The vaccine boycott – led last year by Islamic hard-liners who believed the vaccination campaign was a plot to sterilize or kill Muslims – is blamed for spreading the crippling disease back into more than a dozen African countries where it had previously been eradicated.

Ah well, I guess they can’t add all the world’s conspiracies.

One of the conspiracies that caught my eye:

25. The 2004 Indian Ocean tsunami – A popular theory in the Muslim world is that the tsunami could have been caused by an Indian nuclear experiment in which Israeli and American nuclear experts participated. Several newspapers in Egypt and the Middle East alleged that India, in its heated nuclear race with Pakistan, has acquired sophisticated nuclear technology from the US and Israel, both of which “showed readiness to co-operate with India in experiments to exterminate humankind,” beginning with the heavily populated Muslim regions of southeast Asia, where the bulk of casualties took place.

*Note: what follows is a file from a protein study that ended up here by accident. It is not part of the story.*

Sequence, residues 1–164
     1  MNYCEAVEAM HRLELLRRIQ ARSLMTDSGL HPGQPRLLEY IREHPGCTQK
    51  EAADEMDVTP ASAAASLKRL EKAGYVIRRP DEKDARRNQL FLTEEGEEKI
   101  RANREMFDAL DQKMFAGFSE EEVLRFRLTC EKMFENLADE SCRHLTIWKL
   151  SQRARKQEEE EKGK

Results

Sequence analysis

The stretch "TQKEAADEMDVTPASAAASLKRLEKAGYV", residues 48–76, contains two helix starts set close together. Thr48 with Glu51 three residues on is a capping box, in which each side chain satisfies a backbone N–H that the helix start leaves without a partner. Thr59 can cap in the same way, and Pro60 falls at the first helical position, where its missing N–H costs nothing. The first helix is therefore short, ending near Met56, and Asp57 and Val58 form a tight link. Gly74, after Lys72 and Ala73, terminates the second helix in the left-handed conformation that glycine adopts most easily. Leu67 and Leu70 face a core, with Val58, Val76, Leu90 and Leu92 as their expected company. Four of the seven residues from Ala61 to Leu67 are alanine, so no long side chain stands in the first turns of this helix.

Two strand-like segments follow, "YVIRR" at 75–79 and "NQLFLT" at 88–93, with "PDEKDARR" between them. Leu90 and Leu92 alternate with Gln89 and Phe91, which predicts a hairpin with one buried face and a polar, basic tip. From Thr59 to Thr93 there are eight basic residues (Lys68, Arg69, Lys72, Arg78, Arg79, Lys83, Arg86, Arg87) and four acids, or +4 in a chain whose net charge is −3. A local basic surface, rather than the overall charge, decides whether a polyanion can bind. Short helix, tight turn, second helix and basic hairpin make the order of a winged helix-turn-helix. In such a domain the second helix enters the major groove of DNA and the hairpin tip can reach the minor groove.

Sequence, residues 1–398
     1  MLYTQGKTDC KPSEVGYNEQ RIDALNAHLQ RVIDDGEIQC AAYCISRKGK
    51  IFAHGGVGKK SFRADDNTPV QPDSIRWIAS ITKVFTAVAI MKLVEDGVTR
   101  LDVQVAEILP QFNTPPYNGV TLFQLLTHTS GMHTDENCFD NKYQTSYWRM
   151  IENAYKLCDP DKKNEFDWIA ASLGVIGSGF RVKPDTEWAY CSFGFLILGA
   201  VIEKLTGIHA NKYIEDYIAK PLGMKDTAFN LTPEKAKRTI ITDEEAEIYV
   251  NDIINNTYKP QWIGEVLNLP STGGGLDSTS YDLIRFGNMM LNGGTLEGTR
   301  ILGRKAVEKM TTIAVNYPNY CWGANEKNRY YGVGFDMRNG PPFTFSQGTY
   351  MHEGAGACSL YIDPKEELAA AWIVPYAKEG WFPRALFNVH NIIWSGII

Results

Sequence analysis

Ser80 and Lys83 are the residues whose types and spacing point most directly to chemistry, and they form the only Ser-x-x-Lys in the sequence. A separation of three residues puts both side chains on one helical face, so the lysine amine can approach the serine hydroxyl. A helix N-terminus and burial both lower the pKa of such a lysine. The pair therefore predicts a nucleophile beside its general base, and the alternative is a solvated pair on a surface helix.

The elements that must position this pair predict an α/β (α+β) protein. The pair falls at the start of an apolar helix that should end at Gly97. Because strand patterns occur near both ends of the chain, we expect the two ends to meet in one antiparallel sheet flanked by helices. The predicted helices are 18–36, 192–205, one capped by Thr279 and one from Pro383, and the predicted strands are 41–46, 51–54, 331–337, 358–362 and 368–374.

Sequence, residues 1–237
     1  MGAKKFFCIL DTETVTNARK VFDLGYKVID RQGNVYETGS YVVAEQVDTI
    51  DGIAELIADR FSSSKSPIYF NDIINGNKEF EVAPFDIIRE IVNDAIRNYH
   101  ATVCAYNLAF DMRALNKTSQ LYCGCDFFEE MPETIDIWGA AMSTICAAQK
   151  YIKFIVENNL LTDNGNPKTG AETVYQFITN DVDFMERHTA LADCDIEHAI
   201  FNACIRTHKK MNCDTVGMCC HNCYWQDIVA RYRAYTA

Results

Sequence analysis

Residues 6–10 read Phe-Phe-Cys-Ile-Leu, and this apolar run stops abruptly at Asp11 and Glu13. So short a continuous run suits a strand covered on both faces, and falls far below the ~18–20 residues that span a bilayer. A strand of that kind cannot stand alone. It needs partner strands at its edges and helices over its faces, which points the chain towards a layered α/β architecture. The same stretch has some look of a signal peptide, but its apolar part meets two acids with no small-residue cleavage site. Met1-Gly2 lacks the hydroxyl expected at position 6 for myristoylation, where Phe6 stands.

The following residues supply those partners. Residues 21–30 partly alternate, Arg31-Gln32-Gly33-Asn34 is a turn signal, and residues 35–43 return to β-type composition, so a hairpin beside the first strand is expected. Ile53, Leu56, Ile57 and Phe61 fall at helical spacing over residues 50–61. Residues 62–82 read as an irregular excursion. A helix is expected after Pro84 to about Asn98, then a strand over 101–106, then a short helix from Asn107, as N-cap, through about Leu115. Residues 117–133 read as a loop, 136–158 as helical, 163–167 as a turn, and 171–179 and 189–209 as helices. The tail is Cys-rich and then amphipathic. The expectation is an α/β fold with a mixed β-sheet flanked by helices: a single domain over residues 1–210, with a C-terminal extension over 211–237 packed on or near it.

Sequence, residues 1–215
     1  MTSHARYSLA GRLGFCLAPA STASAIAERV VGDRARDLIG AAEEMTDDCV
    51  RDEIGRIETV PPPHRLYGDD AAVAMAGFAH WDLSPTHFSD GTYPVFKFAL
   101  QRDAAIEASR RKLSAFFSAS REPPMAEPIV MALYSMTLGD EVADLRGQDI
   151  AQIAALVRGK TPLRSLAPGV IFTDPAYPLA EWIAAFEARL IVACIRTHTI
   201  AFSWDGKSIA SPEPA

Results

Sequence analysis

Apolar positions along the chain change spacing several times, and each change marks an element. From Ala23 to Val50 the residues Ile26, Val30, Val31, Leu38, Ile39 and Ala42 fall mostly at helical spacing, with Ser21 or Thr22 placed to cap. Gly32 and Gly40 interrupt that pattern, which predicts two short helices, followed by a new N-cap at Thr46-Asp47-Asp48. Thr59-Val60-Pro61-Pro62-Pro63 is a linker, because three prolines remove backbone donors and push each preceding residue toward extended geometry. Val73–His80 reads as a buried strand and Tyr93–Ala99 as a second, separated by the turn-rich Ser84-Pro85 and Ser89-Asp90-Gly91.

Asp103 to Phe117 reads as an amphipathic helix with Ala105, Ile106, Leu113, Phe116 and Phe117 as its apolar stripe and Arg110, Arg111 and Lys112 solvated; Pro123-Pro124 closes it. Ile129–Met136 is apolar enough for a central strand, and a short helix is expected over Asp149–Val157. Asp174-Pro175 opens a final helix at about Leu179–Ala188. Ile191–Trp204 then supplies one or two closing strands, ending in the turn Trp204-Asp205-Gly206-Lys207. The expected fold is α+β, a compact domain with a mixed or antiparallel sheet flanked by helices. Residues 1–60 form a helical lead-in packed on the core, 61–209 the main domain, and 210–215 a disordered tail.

Funny how Israel and the United States figure into all of their conspiracy theories. It’s not enough that Israel and the US are “the enemy”, oh no. We *far* more evil than that. We are in a conspiracy to exterminate humankind (but only after we eat babies and kick all the puppies in the world).

This image from the 7/7 London bombings caught my eye. Apparently, some people interpret this image as showing that one of the bombers was actually photoshopped into the image. Note that his arm is behind the railing (how odd), and the railing goes into his face (I think that’s just a chance alignment). Even I had to do a double-take on the image.
77bomberimage-orig
Looking closely, I don’t think there’s much mystery, though. The dark area which appears to be behind the railing isn’t his arm. It’s a reflection of the dark building behind him, like the other reflections in the same image (in green). A series of pictures from the same security camera could reveal more about it.
77bomberimage-2

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Chi Master?